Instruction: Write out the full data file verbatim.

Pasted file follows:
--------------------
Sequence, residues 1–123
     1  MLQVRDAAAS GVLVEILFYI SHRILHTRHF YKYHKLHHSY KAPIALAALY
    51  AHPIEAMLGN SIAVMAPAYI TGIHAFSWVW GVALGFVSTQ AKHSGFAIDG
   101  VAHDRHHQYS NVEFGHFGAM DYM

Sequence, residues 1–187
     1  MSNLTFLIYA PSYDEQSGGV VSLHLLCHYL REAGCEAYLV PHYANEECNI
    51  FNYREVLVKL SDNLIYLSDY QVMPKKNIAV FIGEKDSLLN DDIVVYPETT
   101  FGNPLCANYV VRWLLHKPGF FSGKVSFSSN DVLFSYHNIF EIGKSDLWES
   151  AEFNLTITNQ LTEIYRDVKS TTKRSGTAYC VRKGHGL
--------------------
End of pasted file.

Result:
Sequence, residues 1–123
     1  MLQVRDAAAS GVLVEILFYI SHRILHTRHF YKYHKLHHSY KAPIALAALY
    51  AHPIEAMLGN SIAVMAPAYI TGIHAFSWVW GVALGFVSTQ AKHSGFAIDG
   101  VAHDRHHQYS NVEFGHFGAM DYM

Sequence, residues 1–187
     1  MSNLTFLIYA PSYDEQSGGV VSLHLLCHYL REAGCEAYLV PHYANEECNI
    51  FNYREVLVKL SDNLIYLSDY QVMPKKNIAV FIGEKDSLLN DDIVVYPETT
   101  FGNPLCANYV VRWLLHKPGF FSGKVSFSSN DVLFSYHNIF EIGKSDLWES
   151  AEFNLTITNQ LTEIYRDVKS TTKRSGTAYC VRKGHGL